9. "I'm thinking maybe more in terms of a very small trailer such as a Scamp or Casita, or a Scotty." Have you googled teardrop trailers? Those look interesting to me. I also like the idea of a SUV. When we were in Louisiana someone had a minivan that they slept in. What I like about that was they were contained in a regular vehicle.

  10. Gypsy, if you are a minority in thinking the Indians were treated horribly then I'm in the minority with you. It was their land and we had no business running them off and starving them half to death.

  11. If I were traveling alone I would prefer a Class B Van or a small Class C. I like the security of having solid walls & lockable doors around me & prefer to be up off the ground out of the way of crawly things & water. Also would prefer not to tow anything unless I had to. I traveled around Canada's East Coast by myself in an old Volkswagon camper van one time & it was the best trip I ever had...........

  12. We may have to give Montana a second look. I thought that much of it was the same scenery.

  13. We love Montana too. Our favorite is still Wyoming, but Montana runs a close second favorite. Our first trip there in 2003, we actually were driving in the clouds and it was 3 hours before we passed another car. It was so nice. I think if anything happens to my hubby, and I am still able to travel, I would get a Casita. BTW, you are not in the minority. I hate what we did to the Native Americans.

  14. Montana was home to us for nine wonderful years, so we share your enthusiasm for that state. We much prefer the western part of the state, but the eastern side has it's charms. Will you stop at Pompeii's Pillar? Neat place. You can climb the big tower that Lewis and Clark climbed.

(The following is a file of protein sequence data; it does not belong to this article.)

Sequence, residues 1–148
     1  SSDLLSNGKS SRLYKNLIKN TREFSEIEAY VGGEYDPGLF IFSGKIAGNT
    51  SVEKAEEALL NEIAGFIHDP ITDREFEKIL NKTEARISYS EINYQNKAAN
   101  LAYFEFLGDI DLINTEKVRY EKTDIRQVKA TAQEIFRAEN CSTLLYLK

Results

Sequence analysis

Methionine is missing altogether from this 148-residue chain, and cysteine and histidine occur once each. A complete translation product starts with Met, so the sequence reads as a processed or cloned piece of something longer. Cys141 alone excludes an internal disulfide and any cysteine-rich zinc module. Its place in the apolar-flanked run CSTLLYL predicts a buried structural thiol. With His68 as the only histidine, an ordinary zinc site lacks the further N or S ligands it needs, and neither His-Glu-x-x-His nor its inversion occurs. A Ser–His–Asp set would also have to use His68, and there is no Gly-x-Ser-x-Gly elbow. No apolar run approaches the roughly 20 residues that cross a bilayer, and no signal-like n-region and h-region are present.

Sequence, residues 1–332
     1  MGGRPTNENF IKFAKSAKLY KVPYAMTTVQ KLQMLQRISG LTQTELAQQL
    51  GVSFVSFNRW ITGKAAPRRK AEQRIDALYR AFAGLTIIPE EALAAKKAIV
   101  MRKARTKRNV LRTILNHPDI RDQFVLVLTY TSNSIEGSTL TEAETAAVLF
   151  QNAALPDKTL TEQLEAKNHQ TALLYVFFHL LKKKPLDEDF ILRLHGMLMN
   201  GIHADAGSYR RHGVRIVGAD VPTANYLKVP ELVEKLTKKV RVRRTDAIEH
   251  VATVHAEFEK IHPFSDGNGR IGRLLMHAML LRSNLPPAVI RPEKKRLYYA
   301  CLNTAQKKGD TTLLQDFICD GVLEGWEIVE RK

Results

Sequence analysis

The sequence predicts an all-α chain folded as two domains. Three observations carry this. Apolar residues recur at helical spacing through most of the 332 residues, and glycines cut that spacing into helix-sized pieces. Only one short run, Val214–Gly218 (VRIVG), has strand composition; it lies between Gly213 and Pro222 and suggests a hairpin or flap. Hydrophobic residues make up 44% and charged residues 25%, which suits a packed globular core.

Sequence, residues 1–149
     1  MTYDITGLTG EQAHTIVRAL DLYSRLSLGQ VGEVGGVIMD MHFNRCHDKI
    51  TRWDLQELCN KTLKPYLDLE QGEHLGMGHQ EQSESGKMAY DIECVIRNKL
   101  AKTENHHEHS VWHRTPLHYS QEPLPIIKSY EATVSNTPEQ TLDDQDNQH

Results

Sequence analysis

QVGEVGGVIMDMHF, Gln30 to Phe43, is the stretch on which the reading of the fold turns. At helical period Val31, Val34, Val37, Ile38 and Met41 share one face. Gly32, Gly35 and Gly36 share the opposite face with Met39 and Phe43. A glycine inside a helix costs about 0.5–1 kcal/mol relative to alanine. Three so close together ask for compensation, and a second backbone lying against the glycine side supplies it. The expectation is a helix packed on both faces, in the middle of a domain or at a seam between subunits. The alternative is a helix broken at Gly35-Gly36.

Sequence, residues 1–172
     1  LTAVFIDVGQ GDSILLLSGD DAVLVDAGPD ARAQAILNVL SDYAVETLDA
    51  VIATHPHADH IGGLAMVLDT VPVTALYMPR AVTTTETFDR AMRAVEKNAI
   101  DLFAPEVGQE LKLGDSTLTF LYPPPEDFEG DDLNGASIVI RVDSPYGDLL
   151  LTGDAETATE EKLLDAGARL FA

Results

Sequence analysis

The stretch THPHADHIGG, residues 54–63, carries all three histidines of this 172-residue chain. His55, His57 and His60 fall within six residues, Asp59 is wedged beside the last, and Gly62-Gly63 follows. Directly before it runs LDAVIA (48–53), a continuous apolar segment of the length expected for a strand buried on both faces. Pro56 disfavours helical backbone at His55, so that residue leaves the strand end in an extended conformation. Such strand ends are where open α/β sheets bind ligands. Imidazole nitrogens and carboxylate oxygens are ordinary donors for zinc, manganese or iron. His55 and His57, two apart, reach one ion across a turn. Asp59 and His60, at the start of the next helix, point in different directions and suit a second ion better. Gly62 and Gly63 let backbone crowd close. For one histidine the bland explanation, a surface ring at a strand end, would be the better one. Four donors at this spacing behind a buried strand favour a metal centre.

15. Gypsy - There is a group called VanDwellers that I have been reading for many years.


    They have excellent files of information, personalized advice, and great camaraderie, much like WomenGoSolo.

    Suanne, whose blog was recommended, has been a member for quite a while, too, and has shared much about her having used her Prius as a camping unit to tour most of the national parks in the last year or two.

    For myself, I think I would prefer a van in which I can stand up any time, and allows one easily to camp within, or to grab a motel room occasionally for a good hot shower.

    Our current van is a Sportsmobile, and while it is possible to stand up when the top is up, it is also possible to do everything necessary with the top down.

    The small propane tank gets filled in place (no lugging it around), and there is a small electric refrigerator and electric hot water heater, so if we are plugged in at a campground, there is unlimited hot water. The water will stay hot all day while on the road, too, so that is very nice for use during the day.

    There is a two-burner stove and a cat heater that use the propane, but we also carry an electric heater for plugged-in nights. I keep an electric "eye" in a cabinet for cooking when there is electricity; this saves on propane.

    We have a Porta-Potti, which my husband deals with, but were I alone, I would use some sort of gel or sawdust system, and use public restrooms as often as possible.

    The propane system makes it totally possible to stop absolutely anywhere for the night. The "Golden Geezer" pass makes it possible to camp in the National campgrounds either free, or for a small fee, and there are usually restrooms of some sort available.

    I'm sure you will come to some conclusion as to what is best for you, but I would not want to be dependent upon motel rooms for months at a time when there are so many other options.

    It is interesting to follow your travels and to hear your thoughts as you experience different situations.

    Virtual hugs,


  16. I sure hope we're still around in MT when you come back through. I could not believe the number of people in SUV's who were camped in them in the last couple of campgrounds we were in. They slept in the back and had their coleman stove and chair sitting out. Lots of tents also but so many just in their vehicles. So there are lots of options out there for you.